Marcus O W Grimm

Learn More
Amyloid beta peptide (Abeta) has a key role in the pathological process of Alzheimer's disease (AD), but the physiological function of Abeta and of the amyloid precursor protein (APP) is unknown. Recently, it was shown that APP processing is sensitive to cholesterol and other lipids. Hydroxymethylglutaryl-CoA reductase (HMGR) and sphingomyelinases (SMases)(More)
Alzheimer's disease (AD) is a devastating neurodegenerative disorder currently affecting over 35 million people worldwide. Pathological hallmarks of AD are massive amyloidosis, extracellular senile plaques, and intracellular neurofibrillary tangles accompanied by an excessive loss of synapses. Major constituents of senile plaques are 40-42 amino acid long(More)
OBJECTIVES The E vitamins are a class of lipophilic compounds including tocopherols, which have high antioxidative properties. Because of the elevated lipid peroxidation and increased reactive oxidative species in Alzheimer's disease (AD) many attempts have been made to slow down the progression of AD by utilizing the antioxidative action of vitamin E.(More)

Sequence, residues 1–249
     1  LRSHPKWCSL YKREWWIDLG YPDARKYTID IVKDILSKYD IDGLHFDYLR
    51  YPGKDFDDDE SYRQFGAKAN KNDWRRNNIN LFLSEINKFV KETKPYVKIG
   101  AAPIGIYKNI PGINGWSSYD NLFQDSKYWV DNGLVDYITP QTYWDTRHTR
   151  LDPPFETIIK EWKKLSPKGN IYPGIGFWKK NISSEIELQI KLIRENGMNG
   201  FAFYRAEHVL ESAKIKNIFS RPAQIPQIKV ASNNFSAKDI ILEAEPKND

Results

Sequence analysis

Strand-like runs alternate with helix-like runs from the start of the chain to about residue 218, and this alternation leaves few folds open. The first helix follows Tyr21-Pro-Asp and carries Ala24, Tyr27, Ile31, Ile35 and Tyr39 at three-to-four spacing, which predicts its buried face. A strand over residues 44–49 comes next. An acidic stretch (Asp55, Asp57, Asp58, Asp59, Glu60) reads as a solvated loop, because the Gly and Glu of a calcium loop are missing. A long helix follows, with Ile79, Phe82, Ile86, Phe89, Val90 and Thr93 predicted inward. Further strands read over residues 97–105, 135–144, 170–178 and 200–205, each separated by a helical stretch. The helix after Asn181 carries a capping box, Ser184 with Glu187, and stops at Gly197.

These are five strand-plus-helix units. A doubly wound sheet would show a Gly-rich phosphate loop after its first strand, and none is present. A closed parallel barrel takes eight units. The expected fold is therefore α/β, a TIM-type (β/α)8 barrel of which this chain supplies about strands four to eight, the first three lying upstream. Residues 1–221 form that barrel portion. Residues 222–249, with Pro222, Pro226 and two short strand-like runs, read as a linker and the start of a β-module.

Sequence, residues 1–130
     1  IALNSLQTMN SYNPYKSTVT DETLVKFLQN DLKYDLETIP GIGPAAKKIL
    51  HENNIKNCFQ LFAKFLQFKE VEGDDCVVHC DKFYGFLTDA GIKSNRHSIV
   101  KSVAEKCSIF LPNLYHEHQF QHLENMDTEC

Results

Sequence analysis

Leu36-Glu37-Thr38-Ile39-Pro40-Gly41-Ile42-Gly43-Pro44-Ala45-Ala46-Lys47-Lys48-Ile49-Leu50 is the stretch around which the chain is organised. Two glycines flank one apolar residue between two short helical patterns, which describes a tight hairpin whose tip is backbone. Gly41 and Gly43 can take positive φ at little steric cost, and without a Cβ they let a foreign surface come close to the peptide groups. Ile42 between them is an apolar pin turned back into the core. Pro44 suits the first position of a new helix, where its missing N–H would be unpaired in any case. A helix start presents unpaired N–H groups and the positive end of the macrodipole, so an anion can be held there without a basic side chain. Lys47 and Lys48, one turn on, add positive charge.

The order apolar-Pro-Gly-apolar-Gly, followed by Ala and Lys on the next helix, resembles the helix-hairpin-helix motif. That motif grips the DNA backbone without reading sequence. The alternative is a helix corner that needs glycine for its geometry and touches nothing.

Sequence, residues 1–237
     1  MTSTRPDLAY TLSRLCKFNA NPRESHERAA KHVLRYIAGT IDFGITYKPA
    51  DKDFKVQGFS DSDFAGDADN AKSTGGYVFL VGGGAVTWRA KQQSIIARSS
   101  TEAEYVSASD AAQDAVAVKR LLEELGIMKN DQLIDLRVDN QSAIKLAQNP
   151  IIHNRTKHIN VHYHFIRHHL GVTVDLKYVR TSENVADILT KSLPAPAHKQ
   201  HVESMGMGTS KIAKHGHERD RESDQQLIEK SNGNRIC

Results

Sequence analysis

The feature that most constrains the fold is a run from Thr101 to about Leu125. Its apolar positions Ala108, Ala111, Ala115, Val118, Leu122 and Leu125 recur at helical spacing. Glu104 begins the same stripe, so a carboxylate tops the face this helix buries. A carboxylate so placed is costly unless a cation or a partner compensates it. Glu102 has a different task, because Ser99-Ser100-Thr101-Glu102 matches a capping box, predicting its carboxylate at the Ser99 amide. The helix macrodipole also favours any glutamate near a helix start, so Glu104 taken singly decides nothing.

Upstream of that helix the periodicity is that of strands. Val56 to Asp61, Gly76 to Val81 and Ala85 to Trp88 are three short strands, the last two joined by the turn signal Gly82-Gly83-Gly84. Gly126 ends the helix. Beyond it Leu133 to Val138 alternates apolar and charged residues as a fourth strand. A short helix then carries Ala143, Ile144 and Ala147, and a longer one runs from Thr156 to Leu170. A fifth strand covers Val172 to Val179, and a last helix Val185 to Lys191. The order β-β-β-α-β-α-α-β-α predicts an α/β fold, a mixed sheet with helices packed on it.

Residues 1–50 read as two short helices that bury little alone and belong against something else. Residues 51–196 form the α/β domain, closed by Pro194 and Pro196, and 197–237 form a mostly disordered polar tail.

The beta-amyloid peptide (A beta) is widely considered to be the molecule that causes Alzheimer's disease (AD). Besides this pathological function of A beta, recently published data reveal that A beta also has an essential physiological role in lipid homeostasis. Cholesterol increases A beta production, and conversely A beta production causes a decrease in(More)
One of the characteristic hallmarks of Alzheimer's disease (AD) is an accumulation of amyloid β (Aβ) leading to plaque formation and toxic oligomeric Aβ complexes. Besides the de novo synthesis of Aβ caused by amyloidogenic processing of the amyloid precursor protein (APP), Aβ levels are also highly dependent on Aβ degradation. Several enzymes are described(More)
Alzheimer's disease (AD) is a devastating neurodegenerative disorder characterized by extracellular senile plaques mainly consisting of Aβ, a 40-42 amino acid long peptide, and intracellular neurofibrillary tangles, accompanied by an excessive loss of synapses. Recently evidence accumulated that nutrition, especially polyunsaturated fatty acids, influences(More)
Alzheimer's disease is the most common neurodegenerative disorder. This short review summarizes the current knowledge about the role of lipids, especially cholesterol, sphingolipids, plasmalogens, and polyunsaturated fatty acids in Alzheimer's disease etiology, pathogenesis, risk-factors, prevention, treatment, and the function of the amyloid precursor(More)
In Alzheimer's disease (AD), disturbed homeostasis of the proteases competing for amyloid precursor protein processing has been reported: a disintegrin and metalloproteinase 10 (ADAM10), the physiological α-secretase, is decreased in favor of the amyloid-β-generating enzyme BACE-1. To identify transcription factors that modulate the expression of either(More)